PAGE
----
What Is The Conoco Weather Clause (CWC)?
A charter party is contracted when a shipowner allows another party (commonly referred to as a charterer), to charter their vessel for the purpose of transporting cargo.
Within this agreement, the charterer would state the allotted time that is required to load and unload cargo to and from the vessel, which is known as laytime. Should the time frame for loading or unloading goods exceed the laytime, the shipowner is permitted to charge the charterer vessel demurrage fee.
The inverse is also true when the charterer completes the loading and unloading of goods earlier than the agreed laytime. The charterer is then allowed to claim a despatch fee from the shipowner.
There are various conditions and clauses that can affect laytime. In this article, we’ll take a detailed look at the Conoco Weather Clause (CWC) and how it affects laytime and demurrage charges. We’ve also made sure to include a case study towards the end of the article for better understanding.
What Is the Conoco Weather Clause (CWC)?
The Conoco Weather Clause (CWC) is defined as “Delays in berthing for loading or discharging and any delays after berthing which are due to weather conditions shall count as one-half laytime or, if on demurrage, at one-half demurrage rate.”
As such, CWC exists to ensure a shared burden between the shipowner and the charterer during unfavorable weather conditions that prevent berthing, loading, or unloading of goods.
How The Conoco Weather Clause Works
The Conoco Weather Clause is initiated by the charterer, and the ship owners are free to prove that any delays in berthing, loading, or unloading of goods are not caused by unfavorable weather conditions.
There are 2 principal guidelines to consider before a Conoco Weather Clause can be initiated:
- Laytime has already started.
- Proof, preferably documented, that the delays encountered are due to bad weather. The best evidence is to secure written confirmation from the port operator or the shipowner’s agents that vessel operations have ceased due to bad weather resulting in port closure or work stoppage due to unforeseen weather conditions.
Establishing laytime is important because it is the basis for the computation of demurrage and disputes are often long undertakings. In the next section, we will discuss how laytime commences under the Asbatankvoy Charter Party and the Shellvoy Charter Party.
How Laytime Commences with Asbatankvoy Charter Party
In clause 9 established in the Asbatankvoy Charter Party, laytime can be established based on two requirements. First, a berth must be reachable on arrival (ROA), and second, a Notice of Readiness (NOR) has already been given by the master of the vessel.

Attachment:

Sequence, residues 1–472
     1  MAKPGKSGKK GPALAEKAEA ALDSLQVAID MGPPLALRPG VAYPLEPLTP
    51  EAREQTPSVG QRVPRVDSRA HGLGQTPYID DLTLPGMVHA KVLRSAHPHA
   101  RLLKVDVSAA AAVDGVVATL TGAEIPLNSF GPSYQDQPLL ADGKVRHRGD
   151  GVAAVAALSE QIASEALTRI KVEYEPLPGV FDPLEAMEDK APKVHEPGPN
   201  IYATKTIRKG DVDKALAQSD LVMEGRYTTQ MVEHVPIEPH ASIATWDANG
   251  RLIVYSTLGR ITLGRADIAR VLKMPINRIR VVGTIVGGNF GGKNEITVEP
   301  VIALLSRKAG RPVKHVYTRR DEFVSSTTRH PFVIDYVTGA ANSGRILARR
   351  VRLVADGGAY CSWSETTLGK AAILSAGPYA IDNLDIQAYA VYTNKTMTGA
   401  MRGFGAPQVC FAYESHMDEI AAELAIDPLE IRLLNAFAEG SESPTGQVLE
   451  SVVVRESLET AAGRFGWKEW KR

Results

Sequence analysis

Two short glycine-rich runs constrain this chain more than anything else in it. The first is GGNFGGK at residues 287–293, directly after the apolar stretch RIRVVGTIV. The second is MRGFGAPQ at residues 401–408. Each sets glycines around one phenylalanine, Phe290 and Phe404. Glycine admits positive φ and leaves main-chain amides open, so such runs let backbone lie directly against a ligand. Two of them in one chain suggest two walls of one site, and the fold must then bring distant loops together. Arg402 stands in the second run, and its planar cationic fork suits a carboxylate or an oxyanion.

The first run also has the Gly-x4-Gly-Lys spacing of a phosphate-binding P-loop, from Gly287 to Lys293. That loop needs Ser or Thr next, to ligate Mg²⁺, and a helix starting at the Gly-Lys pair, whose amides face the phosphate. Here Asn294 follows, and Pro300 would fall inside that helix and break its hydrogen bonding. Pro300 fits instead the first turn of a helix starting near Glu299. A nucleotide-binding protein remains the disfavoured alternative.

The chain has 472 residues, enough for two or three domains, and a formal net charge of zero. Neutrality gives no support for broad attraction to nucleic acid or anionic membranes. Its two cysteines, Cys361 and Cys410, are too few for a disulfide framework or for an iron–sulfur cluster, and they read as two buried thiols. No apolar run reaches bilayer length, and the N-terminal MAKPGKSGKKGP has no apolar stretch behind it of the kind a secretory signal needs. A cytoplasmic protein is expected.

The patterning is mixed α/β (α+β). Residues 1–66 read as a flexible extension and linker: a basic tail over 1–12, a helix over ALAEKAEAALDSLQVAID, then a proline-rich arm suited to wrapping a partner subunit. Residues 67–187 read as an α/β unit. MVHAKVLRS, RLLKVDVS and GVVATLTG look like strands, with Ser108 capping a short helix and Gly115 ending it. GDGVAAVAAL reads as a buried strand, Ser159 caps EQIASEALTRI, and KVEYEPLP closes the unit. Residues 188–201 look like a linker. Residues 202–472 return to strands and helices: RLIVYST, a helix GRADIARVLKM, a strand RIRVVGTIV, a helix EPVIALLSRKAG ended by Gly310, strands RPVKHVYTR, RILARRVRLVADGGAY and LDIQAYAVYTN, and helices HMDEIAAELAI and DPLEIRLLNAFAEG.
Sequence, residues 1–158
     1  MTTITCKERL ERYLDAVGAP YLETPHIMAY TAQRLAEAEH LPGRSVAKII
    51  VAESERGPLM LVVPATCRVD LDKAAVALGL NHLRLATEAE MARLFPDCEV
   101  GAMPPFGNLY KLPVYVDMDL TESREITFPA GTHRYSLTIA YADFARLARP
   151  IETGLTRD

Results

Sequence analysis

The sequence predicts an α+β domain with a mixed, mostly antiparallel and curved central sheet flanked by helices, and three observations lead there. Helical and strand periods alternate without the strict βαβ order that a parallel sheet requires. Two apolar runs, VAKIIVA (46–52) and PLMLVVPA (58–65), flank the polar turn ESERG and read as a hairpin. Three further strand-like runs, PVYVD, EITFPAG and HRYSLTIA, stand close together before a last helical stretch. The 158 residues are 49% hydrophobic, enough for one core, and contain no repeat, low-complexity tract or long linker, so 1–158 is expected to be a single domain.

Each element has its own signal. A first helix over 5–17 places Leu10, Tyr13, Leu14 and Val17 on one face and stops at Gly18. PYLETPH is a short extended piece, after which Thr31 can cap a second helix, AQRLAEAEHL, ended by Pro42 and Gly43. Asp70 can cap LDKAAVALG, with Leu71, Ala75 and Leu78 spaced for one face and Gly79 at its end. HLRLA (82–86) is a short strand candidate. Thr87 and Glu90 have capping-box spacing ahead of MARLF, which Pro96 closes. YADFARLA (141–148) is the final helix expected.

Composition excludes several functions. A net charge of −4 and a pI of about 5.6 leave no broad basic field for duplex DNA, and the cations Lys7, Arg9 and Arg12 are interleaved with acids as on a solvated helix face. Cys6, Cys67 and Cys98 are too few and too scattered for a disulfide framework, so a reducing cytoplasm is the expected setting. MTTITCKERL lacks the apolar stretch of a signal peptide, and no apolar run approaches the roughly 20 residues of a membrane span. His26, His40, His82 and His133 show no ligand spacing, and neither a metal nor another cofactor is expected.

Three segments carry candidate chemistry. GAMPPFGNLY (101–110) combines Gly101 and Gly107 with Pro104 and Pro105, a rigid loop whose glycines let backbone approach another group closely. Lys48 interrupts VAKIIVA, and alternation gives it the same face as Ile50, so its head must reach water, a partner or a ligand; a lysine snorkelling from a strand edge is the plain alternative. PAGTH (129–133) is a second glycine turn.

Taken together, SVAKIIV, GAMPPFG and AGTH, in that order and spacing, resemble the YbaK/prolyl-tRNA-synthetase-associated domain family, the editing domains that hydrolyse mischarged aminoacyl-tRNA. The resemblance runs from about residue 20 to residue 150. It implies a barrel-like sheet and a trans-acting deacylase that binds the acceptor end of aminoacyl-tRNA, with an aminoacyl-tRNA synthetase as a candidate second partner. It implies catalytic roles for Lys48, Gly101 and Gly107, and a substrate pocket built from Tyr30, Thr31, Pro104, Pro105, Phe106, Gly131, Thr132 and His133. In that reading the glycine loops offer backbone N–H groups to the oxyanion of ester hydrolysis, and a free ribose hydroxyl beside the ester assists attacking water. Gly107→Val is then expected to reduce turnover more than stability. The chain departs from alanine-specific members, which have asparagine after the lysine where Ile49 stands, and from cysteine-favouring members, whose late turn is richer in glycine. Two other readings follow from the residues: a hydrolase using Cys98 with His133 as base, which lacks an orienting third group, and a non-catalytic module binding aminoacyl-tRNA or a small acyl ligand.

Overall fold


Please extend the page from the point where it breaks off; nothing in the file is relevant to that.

Physical or Non-Physical obstructions do not form part of laytime such as:
- Non-availability of tugboats
- Congestion experienced in port
- Bad weather
- The NOR has already been issued but a vessel does not have access to its assigned berth
How Laytime Commences with Shellvoy 5 Charter Party
Under the Shellvoy 5 charter party agreement, an ROA is no longer required. Laytime can start based on two scenarios:
- 6 hours after the vessel arrives at its assigned berth and written notice has been given that the vessel is ready to load/unload cargo.
- If the vessel does not proceed directly to its berth, laytime may start 6 hours after the vessel is in the assigned waiting area or in what is defined as the port’s waiting area, a NOR has already been issued by the Master of the vessel, and the berth is readily accessible.
A berth is deemed to be inaccessible if it is affected by bad weather, waiting for tugboats, or within the limits set by port traffic control. If a berth is accessible, but the vessel cannot dock due to weather conditions, laytime commences and CWC can be applicable.
When The Conoco Weather Clause Applies
Taking both types of charter parties into account, the Conoco Weather Clause applies when either of the following conditions is valid:
- The vessel is in berth and bad weather has disrupted loading and/or unloading operations.
- The vessel hasn’t reached its assigned berth and is unable to berth due to bad weather conditions but the laytime has already commenced.
The Conoco Weather Clause applies only up to the time when bad weather ceases. Any other reasons that contribute to delay, such as port congestion, have to be assessed differently based on the actual events and circumstances.
Case Study: Conoco Weather Clause
One infamous scenario featuring a Conoco Weather Clause can be found in the case of Moutain Blossom. This case was arbitrated in New York with the facts of the case as follows.
Under the Asbatankvoy charter party, the vessel had arrived at the loading port and was unable to dock due to berth availability. While waiting, the port authorities declared that the port will be closed due to heavy fog.
The charterer sought protection and initiated the Conoco Weather Clause for port closure beyond their control. The arbitrator ruled that since the vessel could not get into the assigned berth due to the fog, one-half of the laytime did not count as part of the total laytime.
Co-Founder & Writer
About the Author
Gerrit is a certified international supply chain management professional with 15 years of industry experience, having worked for one of the largest global freight forwarders.
As the co-founder of freightcourse, he’s committed to his passion for serving as a source of education and information on various supply chain topics.